By S.W. Kim, M.D.
Obsessive-compulsive disorder (OCD) is a mental health condition characterized by excessive worries, doubts, or superstitious beliefs that disrupt everyday life. For the person with this disorder, it may feel like the brain gets stuck on a particular thought or urge and just can’t let go. Obsessive-compulsive disorder currently affects about 1 in 50 adults and at least 1 in 25 may have had the disorder at some point in their lives. Most people with obsessive-compulsive disorder experience a gradual onset of OCD behaviors and are diagnosed before age 30.
Some people with obsessive-compulsive disorder may be particularly concerned with cleanliness and feel they must clean or wash excessively. Others may have symptoms related to doubting and worrying about their environment. In these cases, the person with the disorder might repeat tasks such as shutting the garage door or turning off the faucet 10 times before they are able to leave home. Others may feel the need to maintain extreme order and perform tasks in a very specific way—persistently organizing things around them according to color or size. The severity and type of compulsive behavior varies from person to person and may change over time. When repetitive behavior persistently disrupts daily life, the results can be disabling. Consequently, obsessive-compulsive disorder is also associated with other mental health conditions such as depression or social phobia.
Like many psychiatric disorders, the specific cause of obsessive-compulsive disorder is not known. Research has shown that compulsive behavior results from a problem in the brain’s ability to process information. We also know that changes in brain function such as traumatic injury or stress can affect OCD symptoms. Genetics or strep infection may also play a role. It’s important to understand that obsessive-compulsive disorder is a biological disease and not the result of personal weakness or flaws.
The University of Minnesota is currently involved in several research studies examining whether genetics and/or the immune system affect obsessive-compulsive disorder. At this time most people achieve long-term symptom relief with comprehensive treatment that combines cognitive behavioral therapy and antidepressants that affect the level of serotonin in the brain (examples of medications include the brand name and generic versions of Prozac, Zoloft, Lexapro, Celexa, and Luvox).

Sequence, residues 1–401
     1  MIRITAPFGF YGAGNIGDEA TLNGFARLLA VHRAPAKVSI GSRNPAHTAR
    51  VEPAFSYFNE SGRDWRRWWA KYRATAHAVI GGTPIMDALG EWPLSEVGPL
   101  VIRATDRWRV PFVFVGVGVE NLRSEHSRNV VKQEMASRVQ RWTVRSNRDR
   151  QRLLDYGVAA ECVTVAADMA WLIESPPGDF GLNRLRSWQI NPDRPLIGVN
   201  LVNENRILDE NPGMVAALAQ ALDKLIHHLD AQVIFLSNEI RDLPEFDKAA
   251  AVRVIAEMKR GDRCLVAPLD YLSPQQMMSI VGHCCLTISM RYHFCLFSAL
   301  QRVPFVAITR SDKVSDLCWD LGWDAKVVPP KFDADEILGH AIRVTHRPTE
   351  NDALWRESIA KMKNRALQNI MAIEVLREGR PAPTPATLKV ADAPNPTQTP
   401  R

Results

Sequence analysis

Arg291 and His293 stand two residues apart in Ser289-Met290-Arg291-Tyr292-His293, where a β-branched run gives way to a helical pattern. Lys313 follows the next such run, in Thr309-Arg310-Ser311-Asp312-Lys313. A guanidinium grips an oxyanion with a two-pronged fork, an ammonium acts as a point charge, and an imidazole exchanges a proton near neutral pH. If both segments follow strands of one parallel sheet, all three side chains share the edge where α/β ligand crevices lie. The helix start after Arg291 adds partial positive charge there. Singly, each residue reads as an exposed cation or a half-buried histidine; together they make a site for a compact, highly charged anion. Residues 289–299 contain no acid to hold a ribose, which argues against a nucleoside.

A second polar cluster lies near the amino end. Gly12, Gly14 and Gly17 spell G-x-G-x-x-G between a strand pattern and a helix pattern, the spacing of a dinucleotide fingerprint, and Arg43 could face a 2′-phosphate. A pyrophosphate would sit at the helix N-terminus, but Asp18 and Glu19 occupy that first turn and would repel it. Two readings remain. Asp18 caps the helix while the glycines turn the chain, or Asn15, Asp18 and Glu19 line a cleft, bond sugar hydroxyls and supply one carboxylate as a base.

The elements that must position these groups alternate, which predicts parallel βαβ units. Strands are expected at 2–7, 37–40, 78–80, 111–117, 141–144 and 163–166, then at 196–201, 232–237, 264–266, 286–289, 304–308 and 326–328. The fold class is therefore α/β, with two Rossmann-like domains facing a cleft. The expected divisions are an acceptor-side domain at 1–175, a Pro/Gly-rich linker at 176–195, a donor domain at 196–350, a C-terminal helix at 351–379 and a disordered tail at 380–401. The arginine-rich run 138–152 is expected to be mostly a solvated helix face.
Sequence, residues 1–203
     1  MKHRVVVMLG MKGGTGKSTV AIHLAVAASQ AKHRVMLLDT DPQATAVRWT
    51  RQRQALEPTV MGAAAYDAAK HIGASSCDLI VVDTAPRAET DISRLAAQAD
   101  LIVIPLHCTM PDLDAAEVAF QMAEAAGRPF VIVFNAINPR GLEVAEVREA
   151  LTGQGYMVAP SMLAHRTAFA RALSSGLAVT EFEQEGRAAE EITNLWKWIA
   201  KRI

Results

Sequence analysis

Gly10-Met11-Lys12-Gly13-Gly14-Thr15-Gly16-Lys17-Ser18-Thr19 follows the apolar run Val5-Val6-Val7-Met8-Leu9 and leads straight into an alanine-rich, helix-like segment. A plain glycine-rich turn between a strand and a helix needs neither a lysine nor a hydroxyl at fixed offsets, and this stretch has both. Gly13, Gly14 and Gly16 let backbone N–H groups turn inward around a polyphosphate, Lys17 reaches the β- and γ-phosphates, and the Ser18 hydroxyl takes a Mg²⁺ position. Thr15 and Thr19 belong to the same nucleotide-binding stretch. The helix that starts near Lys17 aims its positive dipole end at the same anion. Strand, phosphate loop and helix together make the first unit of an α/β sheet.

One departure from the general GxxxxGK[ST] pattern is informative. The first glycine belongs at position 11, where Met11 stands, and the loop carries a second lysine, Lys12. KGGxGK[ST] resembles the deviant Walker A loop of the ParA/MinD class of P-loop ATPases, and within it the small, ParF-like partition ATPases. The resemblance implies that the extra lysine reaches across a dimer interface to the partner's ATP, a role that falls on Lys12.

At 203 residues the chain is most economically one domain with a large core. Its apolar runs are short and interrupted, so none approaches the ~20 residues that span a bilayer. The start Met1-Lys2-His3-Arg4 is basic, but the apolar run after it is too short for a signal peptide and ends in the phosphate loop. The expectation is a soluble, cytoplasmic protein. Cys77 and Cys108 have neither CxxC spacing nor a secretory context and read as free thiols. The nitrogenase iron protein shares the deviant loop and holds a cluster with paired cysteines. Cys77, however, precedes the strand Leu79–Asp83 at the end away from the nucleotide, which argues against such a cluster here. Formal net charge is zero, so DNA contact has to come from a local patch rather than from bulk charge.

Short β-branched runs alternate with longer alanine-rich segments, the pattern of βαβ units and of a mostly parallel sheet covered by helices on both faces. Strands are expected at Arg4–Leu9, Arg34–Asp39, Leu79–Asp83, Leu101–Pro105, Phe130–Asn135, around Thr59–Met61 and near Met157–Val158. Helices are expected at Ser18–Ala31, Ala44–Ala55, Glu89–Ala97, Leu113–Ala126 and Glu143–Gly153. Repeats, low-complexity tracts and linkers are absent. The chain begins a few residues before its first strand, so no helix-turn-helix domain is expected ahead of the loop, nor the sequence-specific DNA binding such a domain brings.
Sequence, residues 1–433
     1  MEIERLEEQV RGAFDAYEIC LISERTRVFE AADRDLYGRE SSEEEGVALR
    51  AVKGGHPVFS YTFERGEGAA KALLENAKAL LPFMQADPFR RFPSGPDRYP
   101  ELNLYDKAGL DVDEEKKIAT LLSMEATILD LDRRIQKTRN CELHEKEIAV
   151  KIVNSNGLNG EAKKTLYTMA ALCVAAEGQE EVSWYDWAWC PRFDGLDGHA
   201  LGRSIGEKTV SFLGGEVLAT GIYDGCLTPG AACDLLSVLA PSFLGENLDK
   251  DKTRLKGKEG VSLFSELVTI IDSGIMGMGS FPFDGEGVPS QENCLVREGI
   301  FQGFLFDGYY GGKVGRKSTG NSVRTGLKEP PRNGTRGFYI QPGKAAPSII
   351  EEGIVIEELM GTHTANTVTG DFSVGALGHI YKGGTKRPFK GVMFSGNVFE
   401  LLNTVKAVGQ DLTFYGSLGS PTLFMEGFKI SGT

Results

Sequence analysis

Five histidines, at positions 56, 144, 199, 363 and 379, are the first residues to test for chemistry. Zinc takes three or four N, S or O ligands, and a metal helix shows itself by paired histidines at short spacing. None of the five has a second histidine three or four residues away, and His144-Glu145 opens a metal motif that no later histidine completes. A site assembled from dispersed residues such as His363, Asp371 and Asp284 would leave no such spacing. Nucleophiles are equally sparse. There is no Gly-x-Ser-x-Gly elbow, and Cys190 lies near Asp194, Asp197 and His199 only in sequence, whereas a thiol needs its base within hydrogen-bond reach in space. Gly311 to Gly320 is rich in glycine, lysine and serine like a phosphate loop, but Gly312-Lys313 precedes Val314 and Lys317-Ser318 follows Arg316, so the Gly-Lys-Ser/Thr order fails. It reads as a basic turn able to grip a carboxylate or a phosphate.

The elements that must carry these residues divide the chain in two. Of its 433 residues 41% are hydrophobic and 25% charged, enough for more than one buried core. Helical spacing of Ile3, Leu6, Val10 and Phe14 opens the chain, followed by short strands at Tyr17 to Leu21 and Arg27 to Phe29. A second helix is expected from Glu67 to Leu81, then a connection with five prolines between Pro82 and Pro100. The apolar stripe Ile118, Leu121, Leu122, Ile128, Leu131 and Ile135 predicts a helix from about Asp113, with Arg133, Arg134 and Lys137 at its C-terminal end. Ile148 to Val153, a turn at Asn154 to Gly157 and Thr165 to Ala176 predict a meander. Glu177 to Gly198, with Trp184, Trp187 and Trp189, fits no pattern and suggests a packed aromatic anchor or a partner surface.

Although obsessive-compulsive disorder occurs equally in men and women, pregnancy may play a special role in bringing about or worsening symptoms for some women. Pregnancy presents special challenges when treating OCD since the effects of antidepressants during pregnancy is not yet well understood. When a patient with obsessive-compulsive disorder becomes pregnant, she should consult immediately with her health care provider. Health care providers may choose to discontinue medication and increase therapy until after the child is born. The best choice of treatment, however, will vary from person to person. Because of the complexity of treating OCD, the Obsessive Compulsive Foundation has developed an online referral program to locate health professionals in your area who have special experience in treating obsessive-compulsive disorder at https://www.ocfoundation.org/ocf1000c.htm.
Suck W. Kim, M.D., is professor of psychiatry at the University of Minnesota. He sees patients through University of Minnesota Physicians. For more information on obsessive-compulsive disorder, visit the Obsessive Compulsive Foundation Web site at http://www.ocfoundation.org. This column is an educational service of the University of Minnesota. Advice presented should not take the place of an examination by a health-care professional. For more health-related information, go to